AbstractExisting theories advocate the exclusive use of equity-like instruments in executive compensation. However, recent empirical studies document the prevalence of debt-like instruments such as pensions. This paper justifies the use of debt as efficient compensation. Inside debt is a superior solution to the agency costs of debt than the solvency-contingent bonuses and salaries proposed by prior literature, since its payoff depends not only on the incidence of bankruptcy but also firm value in bankruptcy. Contrary to intuition, granting the manager equal proportions of debt and equity is typically inefficient. In most cases, an equity bias is desired to induce effort. However, if effort is productive in increasing liquidation value, or if bankruptcy is likely, a debt bias can improve effort as well as alleviate the agency costs of debt. The model generates a number of empirical predictions consistent with recent evidence. Copyright 2011, Oxford University Press.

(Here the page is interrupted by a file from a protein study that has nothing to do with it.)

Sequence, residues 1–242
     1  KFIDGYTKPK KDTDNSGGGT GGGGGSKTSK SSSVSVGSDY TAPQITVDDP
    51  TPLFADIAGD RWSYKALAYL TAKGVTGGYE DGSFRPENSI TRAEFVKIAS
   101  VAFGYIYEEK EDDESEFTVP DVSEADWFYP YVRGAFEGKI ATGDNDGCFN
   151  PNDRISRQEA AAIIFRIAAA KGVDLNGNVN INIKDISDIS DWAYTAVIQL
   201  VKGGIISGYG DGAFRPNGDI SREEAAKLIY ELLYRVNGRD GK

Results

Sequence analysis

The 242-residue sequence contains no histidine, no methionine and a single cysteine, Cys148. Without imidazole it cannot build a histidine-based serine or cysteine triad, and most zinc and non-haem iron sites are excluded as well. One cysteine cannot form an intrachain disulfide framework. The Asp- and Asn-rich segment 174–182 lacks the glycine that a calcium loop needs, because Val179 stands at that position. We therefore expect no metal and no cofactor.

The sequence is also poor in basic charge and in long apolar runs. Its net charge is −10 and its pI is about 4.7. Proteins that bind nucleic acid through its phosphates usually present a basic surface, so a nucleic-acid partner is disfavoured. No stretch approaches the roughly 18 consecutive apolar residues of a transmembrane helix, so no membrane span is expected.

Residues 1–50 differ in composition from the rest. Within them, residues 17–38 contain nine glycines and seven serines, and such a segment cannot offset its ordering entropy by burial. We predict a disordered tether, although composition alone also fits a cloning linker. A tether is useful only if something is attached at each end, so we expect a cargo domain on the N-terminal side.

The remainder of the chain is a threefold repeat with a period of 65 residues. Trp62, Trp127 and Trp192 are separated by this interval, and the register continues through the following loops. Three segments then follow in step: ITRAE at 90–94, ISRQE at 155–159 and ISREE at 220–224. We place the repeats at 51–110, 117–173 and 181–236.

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Bibliographic InfoArticle provided by European Finance Association in its journal Review of Finance.
Volume (Year): 15 (2011)
Issue (Month): 1 ()
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